JOURNAL ARTICLE

Norepinephrine facilitates inhibitory transmission in substantia gelatinosa of adult rat spinal cord (part 1): effects on axon terminals of GABAergic and glycinergic neurons

H Baba, K Shimoji, M Yoshimura
Anesthesiology 2000, 92 (2): 473-84
10691235

BACKGROUND: The activation of descending norepinephrine-containing fibers from the brain stem inhibits nociceptive transmission at the spinal level. How these descending noradrenergic pathways exert the analgesic effect is not understood fully. Membrane hyperpolarization of substantia gelatinosa (Rexed lamina II) neurons by the activation of alpha2 receptors may account for depression of pain transmission. In addition, it is possible that norepinephrine affects transmitter release in the substantia gelatinosa.

METHODS: Adult male Sprague-Dawley rats (9-10 weeks of age, 250-300 g) were used in this study. Transverse spinal cord slices were cut from the isolated lumbar cord. The blind whole-cell patch-clamp technique was used to record from neurons. The effects of norepinephrine on the frequency and amplitude of miniature excitatory and inhibitory postsynaptic currents were evaluated.

RESULTS: In the majority of substantia gelatinosa neurons tested, norepinephrine (10-100 microM) dose-dependently increased the frequency of gamma-aminobutyric acid (GABA)ergic and glycinergic miniature inhibitory postsynaptic currents; miniature excitatory postsynaptic currents were unaffected. This augmentation was mimicked by an alpha1-receptor agonist, phenylephrine (10-60 microM), and inhibited by alpha1-receptor antagonists prazosin (0.5 microM) and 2-(2,6-dimethoxyphenoxyethyl) amino-methyl-1,4-benzodioxane (0.5 microM). Neither postsynaptic responsiveness to exogenously applied GABA and glycine nor the kinetics of GABAergic and glycinergic inhibitory postsynaptic currents were affected by norepinephrine.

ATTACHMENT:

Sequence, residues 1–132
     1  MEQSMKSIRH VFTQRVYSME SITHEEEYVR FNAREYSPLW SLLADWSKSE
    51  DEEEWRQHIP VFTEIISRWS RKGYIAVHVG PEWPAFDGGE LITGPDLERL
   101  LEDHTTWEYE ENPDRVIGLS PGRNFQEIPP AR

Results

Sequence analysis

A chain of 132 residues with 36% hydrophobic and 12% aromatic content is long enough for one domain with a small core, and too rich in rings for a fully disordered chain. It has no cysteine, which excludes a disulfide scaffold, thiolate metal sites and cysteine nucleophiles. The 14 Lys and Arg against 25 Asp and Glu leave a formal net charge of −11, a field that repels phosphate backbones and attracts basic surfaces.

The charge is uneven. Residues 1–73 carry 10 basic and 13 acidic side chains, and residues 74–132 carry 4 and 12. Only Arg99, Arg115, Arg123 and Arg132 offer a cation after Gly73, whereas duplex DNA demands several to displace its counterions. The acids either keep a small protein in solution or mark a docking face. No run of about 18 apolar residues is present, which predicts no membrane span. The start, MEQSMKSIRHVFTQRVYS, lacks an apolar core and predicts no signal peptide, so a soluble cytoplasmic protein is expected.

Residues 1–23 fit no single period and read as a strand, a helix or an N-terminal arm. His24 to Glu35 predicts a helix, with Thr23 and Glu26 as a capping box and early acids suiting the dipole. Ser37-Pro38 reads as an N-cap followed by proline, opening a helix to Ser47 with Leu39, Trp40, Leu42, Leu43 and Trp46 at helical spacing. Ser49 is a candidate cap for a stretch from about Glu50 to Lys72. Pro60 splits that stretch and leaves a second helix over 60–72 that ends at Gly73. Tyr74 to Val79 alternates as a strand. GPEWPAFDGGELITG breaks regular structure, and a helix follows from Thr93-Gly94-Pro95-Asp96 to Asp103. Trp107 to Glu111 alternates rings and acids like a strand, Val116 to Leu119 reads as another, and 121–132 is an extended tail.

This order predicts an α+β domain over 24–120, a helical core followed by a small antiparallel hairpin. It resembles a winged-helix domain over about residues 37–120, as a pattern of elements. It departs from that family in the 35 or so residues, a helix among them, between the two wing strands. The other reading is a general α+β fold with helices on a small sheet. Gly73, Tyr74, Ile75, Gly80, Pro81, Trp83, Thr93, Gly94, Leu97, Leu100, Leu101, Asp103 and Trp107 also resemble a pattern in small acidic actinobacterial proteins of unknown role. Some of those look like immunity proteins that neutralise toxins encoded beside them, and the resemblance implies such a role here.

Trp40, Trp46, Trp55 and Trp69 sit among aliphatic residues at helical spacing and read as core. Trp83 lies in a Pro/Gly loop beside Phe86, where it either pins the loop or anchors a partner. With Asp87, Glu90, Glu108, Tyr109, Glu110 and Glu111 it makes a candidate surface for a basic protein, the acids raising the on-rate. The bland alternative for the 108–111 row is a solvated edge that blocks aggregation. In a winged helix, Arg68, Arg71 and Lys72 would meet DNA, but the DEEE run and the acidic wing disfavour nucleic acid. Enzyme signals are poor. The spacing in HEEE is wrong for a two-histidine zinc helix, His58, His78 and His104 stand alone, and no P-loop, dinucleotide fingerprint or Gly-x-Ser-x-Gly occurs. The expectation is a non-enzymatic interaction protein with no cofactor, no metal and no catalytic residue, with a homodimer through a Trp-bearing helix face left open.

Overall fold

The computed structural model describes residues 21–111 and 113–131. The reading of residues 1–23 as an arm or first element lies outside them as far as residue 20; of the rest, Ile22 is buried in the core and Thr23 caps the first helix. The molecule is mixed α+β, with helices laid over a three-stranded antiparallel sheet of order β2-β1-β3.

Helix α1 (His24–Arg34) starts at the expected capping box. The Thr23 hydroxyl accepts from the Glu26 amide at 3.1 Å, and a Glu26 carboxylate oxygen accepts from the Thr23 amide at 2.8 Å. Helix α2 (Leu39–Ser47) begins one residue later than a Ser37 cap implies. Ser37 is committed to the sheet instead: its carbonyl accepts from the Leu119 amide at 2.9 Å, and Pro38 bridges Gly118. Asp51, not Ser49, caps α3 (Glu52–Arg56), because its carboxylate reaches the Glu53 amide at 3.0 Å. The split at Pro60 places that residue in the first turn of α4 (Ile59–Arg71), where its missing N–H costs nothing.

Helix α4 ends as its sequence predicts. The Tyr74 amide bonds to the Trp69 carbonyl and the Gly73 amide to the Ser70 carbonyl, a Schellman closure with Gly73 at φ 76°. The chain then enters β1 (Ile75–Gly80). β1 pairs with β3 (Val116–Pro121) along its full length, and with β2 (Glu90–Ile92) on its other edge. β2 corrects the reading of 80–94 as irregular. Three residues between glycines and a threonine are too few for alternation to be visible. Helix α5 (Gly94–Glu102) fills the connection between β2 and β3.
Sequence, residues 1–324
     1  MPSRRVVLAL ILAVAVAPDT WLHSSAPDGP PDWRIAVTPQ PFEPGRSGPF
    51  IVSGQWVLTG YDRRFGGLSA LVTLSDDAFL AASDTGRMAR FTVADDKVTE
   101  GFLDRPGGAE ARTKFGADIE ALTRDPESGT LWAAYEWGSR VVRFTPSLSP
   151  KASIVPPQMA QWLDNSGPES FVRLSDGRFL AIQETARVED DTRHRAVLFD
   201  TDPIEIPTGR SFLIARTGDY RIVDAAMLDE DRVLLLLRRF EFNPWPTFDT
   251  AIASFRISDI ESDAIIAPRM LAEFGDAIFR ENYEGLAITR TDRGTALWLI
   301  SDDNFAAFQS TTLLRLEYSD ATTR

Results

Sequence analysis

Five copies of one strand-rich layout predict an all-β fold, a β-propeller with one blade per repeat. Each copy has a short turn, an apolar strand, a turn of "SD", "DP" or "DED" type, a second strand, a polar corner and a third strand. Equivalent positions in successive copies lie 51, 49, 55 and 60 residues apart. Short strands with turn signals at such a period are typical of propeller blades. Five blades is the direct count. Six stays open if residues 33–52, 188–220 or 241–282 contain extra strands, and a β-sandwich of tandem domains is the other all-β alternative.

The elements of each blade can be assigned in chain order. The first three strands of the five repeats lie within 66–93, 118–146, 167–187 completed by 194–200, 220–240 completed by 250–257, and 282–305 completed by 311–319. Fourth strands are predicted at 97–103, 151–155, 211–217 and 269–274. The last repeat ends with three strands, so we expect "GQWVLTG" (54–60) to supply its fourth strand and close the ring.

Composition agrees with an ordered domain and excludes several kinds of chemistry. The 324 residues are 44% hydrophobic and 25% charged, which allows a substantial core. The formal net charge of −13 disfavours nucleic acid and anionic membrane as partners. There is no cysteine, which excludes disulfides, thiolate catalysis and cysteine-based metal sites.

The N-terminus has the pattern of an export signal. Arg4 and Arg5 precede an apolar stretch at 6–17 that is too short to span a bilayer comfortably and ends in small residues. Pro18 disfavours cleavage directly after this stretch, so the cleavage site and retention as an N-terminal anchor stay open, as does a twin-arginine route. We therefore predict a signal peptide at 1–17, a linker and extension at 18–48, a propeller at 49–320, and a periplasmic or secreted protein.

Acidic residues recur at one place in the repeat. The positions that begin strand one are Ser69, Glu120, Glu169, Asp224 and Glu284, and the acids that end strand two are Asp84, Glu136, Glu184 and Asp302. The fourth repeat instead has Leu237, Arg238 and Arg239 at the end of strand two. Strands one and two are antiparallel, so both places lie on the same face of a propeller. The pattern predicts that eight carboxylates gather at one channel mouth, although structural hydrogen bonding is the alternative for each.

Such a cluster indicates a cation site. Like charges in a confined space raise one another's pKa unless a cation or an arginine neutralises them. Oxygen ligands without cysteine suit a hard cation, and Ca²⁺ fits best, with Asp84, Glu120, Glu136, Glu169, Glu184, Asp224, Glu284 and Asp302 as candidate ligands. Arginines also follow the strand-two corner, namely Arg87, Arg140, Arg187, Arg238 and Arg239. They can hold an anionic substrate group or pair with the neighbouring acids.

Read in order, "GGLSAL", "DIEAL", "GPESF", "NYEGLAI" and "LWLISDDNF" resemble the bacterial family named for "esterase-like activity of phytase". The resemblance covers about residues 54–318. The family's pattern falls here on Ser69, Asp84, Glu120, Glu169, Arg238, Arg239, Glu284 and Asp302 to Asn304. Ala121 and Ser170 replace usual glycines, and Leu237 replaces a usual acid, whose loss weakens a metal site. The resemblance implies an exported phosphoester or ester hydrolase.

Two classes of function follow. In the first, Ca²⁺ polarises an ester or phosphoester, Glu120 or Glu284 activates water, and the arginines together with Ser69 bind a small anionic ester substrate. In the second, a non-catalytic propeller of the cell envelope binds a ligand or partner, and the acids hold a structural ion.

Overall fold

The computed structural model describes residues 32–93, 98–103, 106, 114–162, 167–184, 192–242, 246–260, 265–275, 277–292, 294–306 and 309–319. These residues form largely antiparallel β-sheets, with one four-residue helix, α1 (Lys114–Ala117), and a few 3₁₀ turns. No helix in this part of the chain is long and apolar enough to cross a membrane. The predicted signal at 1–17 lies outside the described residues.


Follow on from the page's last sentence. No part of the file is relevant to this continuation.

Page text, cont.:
CONCLUSION: These results suggest that norepinephrine enhances inhibitory synaptic transmission in the substantia gelatinosa through activation of presynaptic alpha1 receptors, thus providing a mechanism underlying the clinical use of alpha1 agonists with local anesthetics in spinal anesthesia.

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